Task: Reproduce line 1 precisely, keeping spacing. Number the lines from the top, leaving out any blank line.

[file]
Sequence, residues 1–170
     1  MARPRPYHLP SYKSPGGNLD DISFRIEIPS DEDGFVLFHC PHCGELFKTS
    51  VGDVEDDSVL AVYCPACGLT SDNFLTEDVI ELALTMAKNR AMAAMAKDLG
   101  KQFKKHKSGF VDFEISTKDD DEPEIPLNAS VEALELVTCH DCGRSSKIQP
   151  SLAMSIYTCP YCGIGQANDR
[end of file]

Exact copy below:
Sequence, residues 1–170